Cankerworms
Click for larger image Cankerworms (Lepidoptera) feeding on apple foliage (Malus)

The two most destructive species of cankerworms (a kind of inchworm) in the St. Louis area are the fall cankerworm and the spring cankerworm, both of which feed in the spring. They attack many different species of trees and shrubs.

Symptoms and Diagnosis

Leaves are chewed. Complete defoliation and crop loss may occur; or after repeated damage, less and less fruit is produced until little, if any, fruit matures. Damage is first evident in the early spring or summer after trees have fully leafed out. This is about the time that larvae of both species emerge and begin to feed.

Life Cycle

Cankerworms are small caterpillars, only getting up to an inch long. Adult males are small, gray moths with a wingspan reaching only 1 inch long. The females of both species are wingless.

FALL CANKERWORM: The adult fall cankerworm, Alsophila pometaria, emerges from the ground in late November or early December. The wingless adult females climb up the trunk of the host tree and lay barrel-shaped eggs in masses on twigs and branches. The eggs hatch and larvae begin feeding about the same time leaves begin to emerge. The larvae drop down and dangle on silken threads until swept away by a breeze. The ballooning larvae may travel from plant to plant until a suitable host plant is found. The larvae feed for about a month before they fall to the ground to pupate. The worms have brown backs with white stripes running lengthwise down their backs. The fall cankerworm has three sets of prolegs with the foremost proleg severely stunted. This distinguishes it from the spring cankerworm that has only two pairs of prolegs.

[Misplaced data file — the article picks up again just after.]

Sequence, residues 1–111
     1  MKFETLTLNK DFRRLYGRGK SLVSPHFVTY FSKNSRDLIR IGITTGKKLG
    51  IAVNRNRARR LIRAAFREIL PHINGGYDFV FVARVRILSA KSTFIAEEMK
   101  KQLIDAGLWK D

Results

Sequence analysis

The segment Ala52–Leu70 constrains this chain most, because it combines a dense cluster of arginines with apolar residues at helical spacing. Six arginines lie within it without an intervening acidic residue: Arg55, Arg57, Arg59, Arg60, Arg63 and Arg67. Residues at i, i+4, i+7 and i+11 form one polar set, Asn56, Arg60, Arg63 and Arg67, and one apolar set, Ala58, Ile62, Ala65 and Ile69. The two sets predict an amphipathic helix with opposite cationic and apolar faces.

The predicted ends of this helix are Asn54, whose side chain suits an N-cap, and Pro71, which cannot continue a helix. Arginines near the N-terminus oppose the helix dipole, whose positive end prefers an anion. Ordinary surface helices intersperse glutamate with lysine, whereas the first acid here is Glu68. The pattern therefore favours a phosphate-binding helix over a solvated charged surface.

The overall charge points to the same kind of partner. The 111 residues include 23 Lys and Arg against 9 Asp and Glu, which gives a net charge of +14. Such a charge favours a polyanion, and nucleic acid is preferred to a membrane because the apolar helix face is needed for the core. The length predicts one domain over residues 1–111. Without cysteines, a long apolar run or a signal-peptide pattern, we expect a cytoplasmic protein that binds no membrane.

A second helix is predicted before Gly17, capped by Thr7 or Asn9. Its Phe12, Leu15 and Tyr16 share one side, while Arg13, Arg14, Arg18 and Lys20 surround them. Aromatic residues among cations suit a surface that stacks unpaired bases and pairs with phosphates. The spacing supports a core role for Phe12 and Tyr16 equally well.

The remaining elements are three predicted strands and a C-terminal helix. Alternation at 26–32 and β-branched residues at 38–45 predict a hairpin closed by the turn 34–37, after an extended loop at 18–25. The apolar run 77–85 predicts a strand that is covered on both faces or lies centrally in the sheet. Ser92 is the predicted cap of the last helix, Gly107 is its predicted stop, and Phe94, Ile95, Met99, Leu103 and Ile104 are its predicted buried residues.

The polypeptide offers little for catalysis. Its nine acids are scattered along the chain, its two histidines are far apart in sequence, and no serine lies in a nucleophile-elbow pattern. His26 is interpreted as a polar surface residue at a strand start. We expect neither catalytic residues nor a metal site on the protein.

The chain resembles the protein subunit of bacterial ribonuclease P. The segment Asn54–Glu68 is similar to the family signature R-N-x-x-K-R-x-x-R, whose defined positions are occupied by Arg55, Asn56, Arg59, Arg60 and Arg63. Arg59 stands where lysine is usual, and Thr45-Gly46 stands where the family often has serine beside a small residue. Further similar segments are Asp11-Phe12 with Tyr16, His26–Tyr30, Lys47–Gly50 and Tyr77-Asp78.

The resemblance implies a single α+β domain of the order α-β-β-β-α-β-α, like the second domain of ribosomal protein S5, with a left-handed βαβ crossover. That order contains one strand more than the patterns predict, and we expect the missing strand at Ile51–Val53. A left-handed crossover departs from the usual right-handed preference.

SPRING CANKERWORM: The adult spring cankerworm, Paleacrita vernata, emerges in late February or early March. The wingless adult females climb up the trunk of the tree and lay barrel-shaped eggs in cracks in the bark and underneath the bark and bud scales. Yellow-striped green worms hatch at the same time as fall cankerworm larvae and follow the same general feeding pattern. They too drop to the ground where the larvae overwinter in a protective cell. Spring cankerworm larvae have only two pairs of prolegs.

Integrated Pest Management Strategies

1. Sticky barriers may be banded around tree trunks. Apply a band of a sticky material, such as Tanglefoot, around the trunks of trees in October. The sticky material will trap the wingless females of the fall cankerworm moths as they crawl up the tree trunk to lay eggs in late November or early December. Renew the traps in February to trap the emerging female adults of the spring cankerworm that climb the trunk to lay eggs in late February or early March.

2. Prevent larvae from emerging. In the spring apply a horticultural oil spray on the tree before the larvae hatch, about the time trees just begin to leaf out in the spring.

3. Spray Bt (Bacillus thuringiensis) or Sevin after leaves are fully expanded and flowering is finished. Repeat this application two more times, at 14-day intervals. Sevin is very toxic to bees, hence spraying should be delayed until after flowering to limit damage to these beneficial insects.

Organic Strategies

Strategy 1 is a strictly organic approach. For an organic approach to Strategy 3, consult the Organic Materials Review Institute (OMRI™) for appropriate Bacillus thuringiensis (Bt) products.

More images

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Cankerworm (Lepidoptera) stretched out on apple foliage (Malus)
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Cankerworm (Lepidoptera)
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Cankerworm (Lepidoptera)
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Apple foliage (Malus) damaged by cankerworms (Lepidoptera)